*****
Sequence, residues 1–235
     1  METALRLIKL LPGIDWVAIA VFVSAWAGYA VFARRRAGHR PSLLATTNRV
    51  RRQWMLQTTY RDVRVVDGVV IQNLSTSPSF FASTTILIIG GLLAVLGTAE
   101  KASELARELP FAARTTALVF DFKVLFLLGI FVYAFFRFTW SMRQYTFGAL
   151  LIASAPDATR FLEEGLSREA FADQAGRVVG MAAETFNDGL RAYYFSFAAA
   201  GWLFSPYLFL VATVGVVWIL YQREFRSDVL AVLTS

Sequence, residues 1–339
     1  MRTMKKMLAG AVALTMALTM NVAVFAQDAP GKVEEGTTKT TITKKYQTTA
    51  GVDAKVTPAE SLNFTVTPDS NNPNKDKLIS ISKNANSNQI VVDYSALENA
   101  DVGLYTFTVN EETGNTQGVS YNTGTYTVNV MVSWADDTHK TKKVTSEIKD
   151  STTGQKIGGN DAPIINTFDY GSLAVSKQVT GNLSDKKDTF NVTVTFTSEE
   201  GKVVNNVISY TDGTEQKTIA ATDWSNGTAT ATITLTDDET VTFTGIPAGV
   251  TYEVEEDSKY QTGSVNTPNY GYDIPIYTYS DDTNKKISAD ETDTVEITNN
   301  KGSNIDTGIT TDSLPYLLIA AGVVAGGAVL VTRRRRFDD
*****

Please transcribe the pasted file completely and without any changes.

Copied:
Sequence, residues 1–235
     1  METALRLIKL LPGIDWVAIA VFVSAWAGYA VFARRRAGHR PSLLATTNRV
    51  RRQWMLQTTY RDVRVVDGVV IQNLSTSPSF FASTTILIIG GLLAVLGTAE
   101  KASELARELP FAARTTALVF DFKVLFLLGI FVYAFFRFTW SMRQYTFGAL
   151  LIASAPDATR FLEEGLSREA FADQAGRVVG MAAETFNDGL RAYYFSFAAA
   201  GWLFSPYLFL VATVGVVWIL YQREFRSDVL AVLTS

Sequence, residues 1–339
     1  MRTMKKMLAG AVALTMALTM NVAVFAQDAP GKVEEGTTKT TITKKYQTTA
    51  GVDAKVTPAE SLNFTVTPDS NNPNKDKLIS ISKNANSNQI VVDYSALENA
   101  DVGLYTFTVN EETGNTQGVS YNTGTYTVNV MVSWADDTHK TKKVTSEIKD
   151  STTGQKIGGN DAPIINTFDY GSLAVSKQVT GNLSDKKDTF NVTVTFTSEE
   201  GKVVNNVISY TDGTEQKTIA ATDWSNGTAT ATITLTDDET VTFTGIPAGV
   251  TYEVEEDSKY QTGSVNTPNY GYDIPIYTYS DDTNKKISAD ETDTVEITNN
   301  KGSNIDTGIT TDSLPYLLIA AGVVAGGAVL VTRRRRFDD